"There have been something like 67 attempts to build on this site since 1965," says Ellen van Loon, the OMA partner who led the design of BLOX, a 290,000-square-foot, extremely mixed-use, thoroughly modern glass building that opened this month on the harbor in Copenhagen's historic center.
The difficulty lay in the heavily trafficked ring road that cuts through the site. OMA's scheme goes under and over the expressway, with five stories aboveground and five stories below, including four levels of fully automated parking. “Not every developer is willing to pay the extra money it takes to do that, but this client wants to invest in the public realm,” says van Loon.
The client, Realdania, is a Danish philanthropic group that supports projects in the built environment. Two of the main tenants at BLOX—the Danish Architecture Centre and BLOXHUB, an innovative office for sustainable development—do the same.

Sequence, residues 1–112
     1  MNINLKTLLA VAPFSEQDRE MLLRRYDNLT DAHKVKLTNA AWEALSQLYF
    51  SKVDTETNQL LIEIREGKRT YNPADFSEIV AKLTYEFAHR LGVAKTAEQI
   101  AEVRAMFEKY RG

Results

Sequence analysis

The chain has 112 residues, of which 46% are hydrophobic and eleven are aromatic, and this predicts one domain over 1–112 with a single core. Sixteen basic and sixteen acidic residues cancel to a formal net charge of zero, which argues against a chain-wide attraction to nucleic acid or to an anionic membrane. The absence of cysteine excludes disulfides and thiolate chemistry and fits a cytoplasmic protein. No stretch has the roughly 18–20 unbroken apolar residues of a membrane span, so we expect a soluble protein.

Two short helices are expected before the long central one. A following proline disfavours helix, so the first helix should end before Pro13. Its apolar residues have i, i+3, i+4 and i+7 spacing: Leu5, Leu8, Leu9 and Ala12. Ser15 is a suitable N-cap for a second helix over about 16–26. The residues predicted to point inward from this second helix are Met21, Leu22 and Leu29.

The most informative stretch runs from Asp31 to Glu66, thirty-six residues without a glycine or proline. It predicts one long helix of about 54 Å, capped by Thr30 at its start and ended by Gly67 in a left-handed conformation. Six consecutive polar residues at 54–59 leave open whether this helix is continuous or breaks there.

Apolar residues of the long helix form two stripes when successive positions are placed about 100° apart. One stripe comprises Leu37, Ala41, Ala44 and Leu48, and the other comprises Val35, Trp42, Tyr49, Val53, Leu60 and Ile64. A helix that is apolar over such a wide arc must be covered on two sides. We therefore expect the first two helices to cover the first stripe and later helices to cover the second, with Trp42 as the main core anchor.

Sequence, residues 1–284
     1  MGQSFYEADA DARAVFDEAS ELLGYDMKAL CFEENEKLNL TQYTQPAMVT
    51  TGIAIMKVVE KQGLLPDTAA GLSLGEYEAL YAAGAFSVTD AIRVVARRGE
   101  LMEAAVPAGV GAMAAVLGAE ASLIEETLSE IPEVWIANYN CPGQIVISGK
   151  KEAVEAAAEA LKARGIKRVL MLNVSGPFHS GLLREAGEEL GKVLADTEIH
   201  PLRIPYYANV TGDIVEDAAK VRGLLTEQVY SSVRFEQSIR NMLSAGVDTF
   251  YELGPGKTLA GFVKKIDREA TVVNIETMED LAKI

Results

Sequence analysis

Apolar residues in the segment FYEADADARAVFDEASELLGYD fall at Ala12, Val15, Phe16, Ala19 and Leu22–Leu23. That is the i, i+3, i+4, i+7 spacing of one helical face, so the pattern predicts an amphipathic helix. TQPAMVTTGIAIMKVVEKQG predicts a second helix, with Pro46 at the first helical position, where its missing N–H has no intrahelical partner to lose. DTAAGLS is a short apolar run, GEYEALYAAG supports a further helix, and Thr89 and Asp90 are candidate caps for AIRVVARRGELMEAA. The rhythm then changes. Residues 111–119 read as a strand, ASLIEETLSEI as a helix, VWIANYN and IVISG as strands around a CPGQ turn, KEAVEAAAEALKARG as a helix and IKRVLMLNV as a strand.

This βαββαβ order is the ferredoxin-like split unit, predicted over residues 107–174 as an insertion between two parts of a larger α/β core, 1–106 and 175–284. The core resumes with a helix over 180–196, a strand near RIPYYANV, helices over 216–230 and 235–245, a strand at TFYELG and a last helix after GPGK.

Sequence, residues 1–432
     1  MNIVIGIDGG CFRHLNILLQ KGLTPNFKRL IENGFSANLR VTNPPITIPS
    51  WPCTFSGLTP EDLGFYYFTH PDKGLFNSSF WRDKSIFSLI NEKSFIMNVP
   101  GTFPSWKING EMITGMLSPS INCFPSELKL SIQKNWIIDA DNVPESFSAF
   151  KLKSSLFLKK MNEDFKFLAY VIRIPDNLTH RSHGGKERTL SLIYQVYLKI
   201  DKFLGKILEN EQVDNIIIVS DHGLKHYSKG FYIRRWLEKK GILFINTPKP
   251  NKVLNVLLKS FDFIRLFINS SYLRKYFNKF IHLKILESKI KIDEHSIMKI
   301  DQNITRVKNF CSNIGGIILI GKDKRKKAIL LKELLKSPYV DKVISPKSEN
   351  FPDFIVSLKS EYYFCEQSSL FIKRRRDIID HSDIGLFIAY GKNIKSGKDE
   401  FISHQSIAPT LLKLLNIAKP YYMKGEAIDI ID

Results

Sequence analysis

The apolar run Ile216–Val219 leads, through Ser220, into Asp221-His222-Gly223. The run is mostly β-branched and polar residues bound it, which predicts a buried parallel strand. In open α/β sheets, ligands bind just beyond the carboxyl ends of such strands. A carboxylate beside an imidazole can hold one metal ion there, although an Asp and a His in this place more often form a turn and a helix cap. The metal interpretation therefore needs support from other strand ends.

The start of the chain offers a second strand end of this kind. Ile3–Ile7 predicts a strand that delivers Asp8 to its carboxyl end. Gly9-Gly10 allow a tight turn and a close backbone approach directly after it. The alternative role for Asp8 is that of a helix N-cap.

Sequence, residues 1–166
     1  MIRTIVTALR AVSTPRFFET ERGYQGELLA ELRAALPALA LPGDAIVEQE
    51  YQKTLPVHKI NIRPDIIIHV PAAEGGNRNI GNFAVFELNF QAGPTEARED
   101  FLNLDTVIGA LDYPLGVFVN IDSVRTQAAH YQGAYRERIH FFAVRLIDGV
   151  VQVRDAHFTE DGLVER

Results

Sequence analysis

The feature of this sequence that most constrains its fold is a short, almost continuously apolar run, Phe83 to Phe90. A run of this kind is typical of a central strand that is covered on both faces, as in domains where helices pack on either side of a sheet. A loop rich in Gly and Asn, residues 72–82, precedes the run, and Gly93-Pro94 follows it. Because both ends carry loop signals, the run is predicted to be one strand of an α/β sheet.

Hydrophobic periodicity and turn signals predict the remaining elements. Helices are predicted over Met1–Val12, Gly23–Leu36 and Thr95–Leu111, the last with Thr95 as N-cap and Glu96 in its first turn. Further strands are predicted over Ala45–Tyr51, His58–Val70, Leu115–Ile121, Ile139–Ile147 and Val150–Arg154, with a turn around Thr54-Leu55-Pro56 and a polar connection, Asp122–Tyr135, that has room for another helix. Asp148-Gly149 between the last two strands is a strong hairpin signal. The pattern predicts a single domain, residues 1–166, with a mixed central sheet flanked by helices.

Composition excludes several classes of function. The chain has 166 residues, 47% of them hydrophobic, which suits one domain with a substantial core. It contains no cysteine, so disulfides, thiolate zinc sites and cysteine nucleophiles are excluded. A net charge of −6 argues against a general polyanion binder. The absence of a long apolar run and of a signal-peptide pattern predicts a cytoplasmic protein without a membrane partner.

Besides exhibition spaces and offices for those tenants, the building also contains co-working spaces, a multilevel restaurant, a café, bookstore, fitness center, and 22 rental apartments, not to mention a playground. Its setbacks integrate large terraces for taking in waterfront views; its facade combines white fritted glass and a green glass that matches the deep green of the water, as well as panels of woven metal.
Inside is an arresting mix of dark concrete, black cork, warm wood, cool metal grating, smooth aluminum, and polished brass floors and walls (in what OMA calls the “golden room”). The interiors are arranged somewhat like a panopticon, where the central gallery offers glimpses into the rooms that surround it and vice versa. Similar views across stairwells and atria and through offices connect most spaces. “There's a lot of creative talent in this building,” says van Loon. “Seeing each other leads to collaborating.”